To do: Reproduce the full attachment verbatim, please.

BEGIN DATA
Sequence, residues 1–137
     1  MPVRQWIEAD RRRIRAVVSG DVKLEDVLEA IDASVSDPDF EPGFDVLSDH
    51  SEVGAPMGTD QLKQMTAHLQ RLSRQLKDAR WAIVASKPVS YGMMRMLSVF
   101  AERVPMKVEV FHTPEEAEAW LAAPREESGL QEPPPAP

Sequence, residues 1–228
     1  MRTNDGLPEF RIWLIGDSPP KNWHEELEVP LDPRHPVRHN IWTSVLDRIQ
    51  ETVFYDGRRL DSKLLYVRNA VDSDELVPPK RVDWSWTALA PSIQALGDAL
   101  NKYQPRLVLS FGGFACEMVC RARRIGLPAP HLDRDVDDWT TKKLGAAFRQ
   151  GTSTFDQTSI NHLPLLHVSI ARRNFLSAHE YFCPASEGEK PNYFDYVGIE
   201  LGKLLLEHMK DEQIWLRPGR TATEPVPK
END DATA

Sequence, residues 1–137
     1  MPVRQWIEAD RRRIRAVVSG DVKLEDVLEA IDASVSDPDF EPGFDVLSDH
    51  SEVGAPMGTD QLKQMTAHLQ RLSRQLKDAR WAIVASKPVS YGMMRMLSVF
   101  AERVPMKVEV FHTPEEAEAW LAAPREESGL QEPPPAP

Sequence, residues 1–228
     1  MRTNDGLPEF RIWLIGDSPP KNWHEELEVP LDPRHPVRHN IWTSVLDRIQ
    51  ETVFYDGRRL DSKLLYVRNA VDSDELVPPK RVDWSWTALA PSIQALGDAL
   101  NKYQPRLVLS FGGFACEMVC RARRIGLPAP HLDRDVDDWT TKKLGAAFRQ
   151  GTSTFDQTSI NHLPLLHVSI ARRNFLSAHE YFCPASEGEK PNYFDYVGIE
   201  LGKLLLEHMK DEQIWLRPGR TATEPVPK